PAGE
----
Trigger-happy security guards

Ours is a society that has become increasingly comfortable around weapons, despite this increased weaponisation


Editorial March 24, 2016
Suspect Ghulam Nabi an employee of private security guard company. PHOTO: EXPRESS

Ours is a society that has become increasingly comfortable around weapons, despite this increased weaponisation leading to innocent lives being lost in great numbers. The most recent victim of the ruthless use of weapons is an 11-year-old boy, who was shot dead by a private security guard in Karachi’s residential area of Bahadurabad. The reason behind the child’s death is impossible to come to terms with. He was playing on the road with a toy mask over his face, which according to the guard, startled him and he mistook the boy for a ghost. The guard reacted by shooting him in the neck. There can be no words to express the horror one feels at this brutality. This is not the first incident of its kind. One is reminded of a similar incident where a 17-year-old was shot dead by his classmate’s guard in Karachi a few years ago.

The ease with which guns are available in the country is frightening to say the least. Weapons point down from rooftops as students enter school or college premises. There are armed guards outside restaurants, at parks, and gun nuzzles point at ordinary citizens from the windows of vehicles. Yet, the authorities appear to be least bothered with the question of regulating the use of guns. This becomes an especially serious issue when one considers how private security firms in the country operate, which often provide their guards with weapons without carrying out prior checks on the personnel they hire. In the case of this particular tragedy, the security firm that had employed the guard is equally responsible for the child’s death. Private security firms often hire their personnel without giving adequate attention to their training. Considering the nature of the job, it is essential to not only provide training to guards at private security firms, but to also have a stringent hiring process as well as placing checks on both mental and physical health. If the state is unable to provide security for all its citizens, the least it can do is regulate the activities of private security companies.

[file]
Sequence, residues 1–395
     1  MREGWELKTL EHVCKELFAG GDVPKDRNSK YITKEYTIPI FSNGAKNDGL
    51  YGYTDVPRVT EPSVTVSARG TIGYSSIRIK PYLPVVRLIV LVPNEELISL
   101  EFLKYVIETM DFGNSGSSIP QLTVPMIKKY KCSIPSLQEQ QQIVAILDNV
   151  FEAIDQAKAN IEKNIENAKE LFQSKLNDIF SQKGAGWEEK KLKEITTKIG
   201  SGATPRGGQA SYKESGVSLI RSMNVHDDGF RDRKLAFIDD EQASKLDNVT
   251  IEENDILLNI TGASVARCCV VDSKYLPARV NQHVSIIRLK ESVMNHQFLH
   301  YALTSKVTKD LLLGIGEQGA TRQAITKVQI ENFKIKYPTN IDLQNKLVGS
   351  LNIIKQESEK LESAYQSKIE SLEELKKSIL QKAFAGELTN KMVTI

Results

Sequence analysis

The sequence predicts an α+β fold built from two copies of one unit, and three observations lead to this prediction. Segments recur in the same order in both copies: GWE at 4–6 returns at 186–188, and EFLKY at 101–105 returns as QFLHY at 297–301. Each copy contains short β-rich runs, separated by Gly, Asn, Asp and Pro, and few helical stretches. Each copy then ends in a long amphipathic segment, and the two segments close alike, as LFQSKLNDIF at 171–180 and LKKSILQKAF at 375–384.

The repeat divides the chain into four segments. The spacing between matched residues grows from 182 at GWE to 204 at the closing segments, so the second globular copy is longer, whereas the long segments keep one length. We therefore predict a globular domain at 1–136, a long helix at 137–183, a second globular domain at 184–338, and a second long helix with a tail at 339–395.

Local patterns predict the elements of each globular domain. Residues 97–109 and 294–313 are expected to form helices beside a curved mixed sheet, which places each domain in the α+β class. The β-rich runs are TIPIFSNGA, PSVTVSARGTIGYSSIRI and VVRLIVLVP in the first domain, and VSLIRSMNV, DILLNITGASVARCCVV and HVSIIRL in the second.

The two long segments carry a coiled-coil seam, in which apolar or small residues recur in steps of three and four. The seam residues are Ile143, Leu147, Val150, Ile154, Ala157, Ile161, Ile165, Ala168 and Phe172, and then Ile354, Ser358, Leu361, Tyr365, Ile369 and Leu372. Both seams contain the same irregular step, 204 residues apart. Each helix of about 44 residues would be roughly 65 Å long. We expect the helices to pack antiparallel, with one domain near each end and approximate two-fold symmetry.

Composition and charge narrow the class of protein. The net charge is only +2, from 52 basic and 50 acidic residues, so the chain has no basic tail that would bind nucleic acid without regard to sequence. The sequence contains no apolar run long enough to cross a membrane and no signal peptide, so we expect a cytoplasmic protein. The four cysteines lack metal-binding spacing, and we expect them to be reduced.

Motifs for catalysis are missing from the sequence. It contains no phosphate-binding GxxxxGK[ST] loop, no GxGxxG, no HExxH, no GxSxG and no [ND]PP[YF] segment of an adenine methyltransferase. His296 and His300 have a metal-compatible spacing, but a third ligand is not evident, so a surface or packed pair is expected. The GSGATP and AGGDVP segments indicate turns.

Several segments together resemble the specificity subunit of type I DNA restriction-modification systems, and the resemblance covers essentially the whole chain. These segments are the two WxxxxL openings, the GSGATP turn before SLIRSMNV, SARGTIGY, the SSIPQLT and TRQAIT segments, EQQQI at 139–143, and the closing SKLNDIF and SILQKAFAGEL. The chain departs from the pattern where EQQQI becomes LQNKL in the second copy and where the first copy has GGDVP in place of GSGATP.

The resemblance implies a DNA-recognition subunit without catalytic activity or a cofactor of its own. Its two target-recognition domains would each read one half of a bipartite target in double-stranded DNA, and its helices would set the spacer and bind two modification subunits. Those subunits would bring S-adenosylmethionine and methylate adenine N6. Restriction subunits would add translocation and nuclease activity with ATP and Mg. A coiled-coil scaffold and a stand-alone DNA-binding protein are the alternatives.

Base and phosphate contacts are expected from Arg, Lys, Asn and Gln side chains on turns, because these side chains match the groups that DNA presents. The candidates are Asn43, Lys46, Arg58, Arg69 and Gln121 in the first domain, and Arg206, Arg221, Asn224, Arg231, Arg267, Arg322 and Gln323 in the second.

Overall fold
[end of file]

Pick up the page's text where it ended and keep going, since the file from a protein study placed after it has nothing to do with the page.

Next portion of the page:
Published in The Express Tribune, March 25th, 2016.

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